Chicago White Sox – 2013 Season Preview
Projected Record: (76-86)
Last season, the White Sox surprised a lot of people. In CBSSports.com Expert Predictions for 2012, 4 of the 8, picked the White Sox to finish dead last. To give credit where credit is due, C. Trent Rosencrans and Scott White both were spot on with the White Sox in 2nd place. Well done gentlemen. From the looks of things, the White Sox won’t be spending much time this year in first place, and definitely not a good portion of the season.
My biggest question about the White Sox lineup is, “How long can Paul Konerko play effectively?” I think their offense hinges on him. Konerko is 36 and has played in 2142 major league games. Over the last 5 years he’s averaged 143 games, a .287/.371/.506 slashline, 29 HR and 88 RBI. What am I worried about. The guy is a stud. He has a long track record of dependability too, since coming to the White Sox in 1999 his fewest games played was 122 in 2008. So maybe my PK anxiety isn’t exactly founded in facts. I think I’m more just nervous about the White Sox. They just don’t have much else.
Adam Dunn came back last season and showed that he isn’t completely washed up. Although he did post a .204 batting average. Even with that abysmal AVG he was still able to get on base at a .333 clip. That’s impressive. The other major offensive wildcard is right fielder Alex Rios. The thing with Rios is that he’s consistently inconsistent. He hasn’t put up consecutive season batting averages within 40 points of each other since 2007-2008. Last season he hit .304 with 25 HR and 92 RBI, so the White Sox can count on a .250 average and 13 HR. That has to be infuriating for teammates and the front office.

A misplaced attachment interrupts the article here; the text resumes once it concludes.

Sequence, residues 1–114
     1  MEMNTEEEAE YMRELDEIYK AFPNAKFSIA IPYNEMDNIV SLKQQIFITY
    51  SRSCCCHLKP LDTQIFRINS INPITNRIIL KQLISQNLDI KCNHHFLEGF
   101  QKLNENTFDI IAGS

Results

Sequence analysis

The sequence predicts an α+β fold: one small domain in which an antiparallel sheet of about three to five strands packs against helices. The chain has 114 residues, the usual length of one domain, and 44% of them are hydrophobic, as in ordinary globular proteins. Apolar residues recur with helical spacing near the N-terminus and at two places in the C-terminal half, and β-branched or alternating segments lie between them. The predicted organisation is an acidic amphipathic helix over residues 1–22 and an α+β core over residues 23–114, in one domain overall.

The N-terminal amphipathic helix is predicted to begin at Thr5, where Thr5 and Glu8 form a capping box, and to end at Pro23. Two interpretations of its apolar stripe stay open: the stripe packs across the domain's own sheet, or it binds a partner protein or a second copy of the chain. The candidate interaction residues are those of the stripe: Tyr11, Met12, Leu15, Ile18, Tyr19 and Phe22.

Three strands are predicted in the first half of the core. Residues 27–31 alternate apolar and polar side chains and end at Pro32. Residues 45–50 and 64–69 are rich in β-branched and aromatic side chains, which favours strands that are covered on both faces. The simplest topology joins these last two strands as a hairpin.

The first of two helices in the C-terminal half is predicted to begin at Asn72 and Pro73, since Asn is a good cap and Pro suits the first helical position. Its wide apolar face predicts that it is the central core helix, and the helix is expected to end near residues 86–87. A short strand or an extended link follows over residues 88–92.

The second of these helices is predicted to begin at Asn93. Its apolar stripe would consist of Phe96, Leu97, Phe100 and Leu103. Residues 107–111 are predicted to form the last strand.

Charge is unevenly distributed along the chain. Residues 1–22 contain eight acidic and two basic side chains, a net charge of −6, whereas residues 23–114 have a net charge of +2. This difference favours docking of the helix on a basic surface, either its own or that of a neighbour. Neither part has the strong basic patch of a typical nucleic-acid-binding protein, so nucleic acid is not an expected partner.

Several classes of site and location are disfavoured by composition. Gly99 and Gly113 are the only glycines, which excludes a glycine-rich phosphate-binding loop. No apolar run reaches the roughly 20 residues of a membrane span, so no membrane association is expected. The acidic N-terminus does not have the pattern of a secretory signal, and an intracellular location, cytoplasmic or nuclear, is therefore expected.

The White Sox lost last years starting catcher, A.J. Pierzynski, via free agency to the Texas Rangers. The White Sox will need to figure out how to replace his production in the the lineup. Last year he had an OPS+ of 118, compared to his career OPS+ of 96. Tyler Flowers has been being groomed to be the White Sox starting catcher for years. This year he’ll get his chance. He’s only played in 108 games over 4 major league seasons, and his offense has been below league average. He does bring some power to the table, paired with inability to get on base and subpar defense, I don’t think Flowers is the answer, long term, behind the plate for the White Sox.
One addition that the White Sox made to improve their ability to get on base was to bring in 32 year old, journeyman utility infielder Jeff Keppinger. Keppinger hasn’t seen regular playing time his whole career. He’s only logged over 400 at bats twice in his career. Last year with the Rays he was able to log 385 ABs and hit .325/.367/.439. You don’t love the power numbers, but you also aren’t expecting Keppinger to be the big bat in your lineup. He can serve as a table setter and get on base for Konerko, Dunn and Rios (every other year) to drive in. I really like the move to get Keppinger and I hope they give him plenty of playing time at third.